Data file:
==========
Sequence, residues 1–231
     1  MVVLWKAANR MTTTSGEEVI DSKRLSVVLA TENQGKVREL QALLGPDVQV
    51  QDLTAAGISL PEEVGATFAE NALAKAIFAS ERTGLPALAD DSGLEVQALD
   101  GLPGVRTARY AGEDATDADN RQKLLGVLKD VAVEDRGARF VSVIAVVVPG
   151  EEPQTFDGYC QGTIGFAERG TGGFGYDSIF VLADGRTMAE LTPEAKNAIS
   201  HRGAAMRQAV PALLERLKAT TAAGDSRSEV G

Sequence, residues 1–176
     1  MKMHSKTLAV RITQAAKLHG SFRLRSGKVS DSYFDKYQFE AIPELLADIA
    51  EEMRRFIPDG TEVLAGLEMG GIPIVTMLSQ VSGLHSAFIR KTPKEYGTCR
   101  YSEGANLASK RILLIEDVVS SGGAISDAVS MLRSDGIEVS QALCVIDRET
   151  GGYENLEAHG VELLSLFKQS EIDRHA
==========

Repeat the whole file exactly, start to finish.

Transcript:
Sequence, residues 1–231
     1  MVVLWKAANR MTTTSGEEVI DSKRLSVVLA TENQGKVREL QALLGPDVQV
    51  QDLTAAGISL PEEVGATFAE NALAKAIFAS ERTGLPALAD DSGLEVQALD
   101  GLPGVRTARY AGEDATDADN RQKLLGVLKD VAVEDRGARF VSVIAVVVPG
   151  EEPQTFDGYC QGTIGFAERG TGGFGYDSIF VLADGRTMAE LTPEAKNAIS
   201  HRGAAMRQAV PALLERLKAT TAAGDSRSEV G

Sequence, residues 1–176
     1  MKMHSKTLAV RITQAAKLHG SFRLRSGKVS DSYFDKYQFE AIPELLADIA
    51  EEMRRFIPDG TEVLAGLEMG GIPIVTMLSQ VSGLHSAFIR KTPKEYGTCR
   101  YSEGANLASK RILLIEDVVS SGGAISDAVS MLRSDGIEVS QALCVIDRET
   151  GGYENLEAHG VELLSLFKQS EIDRHA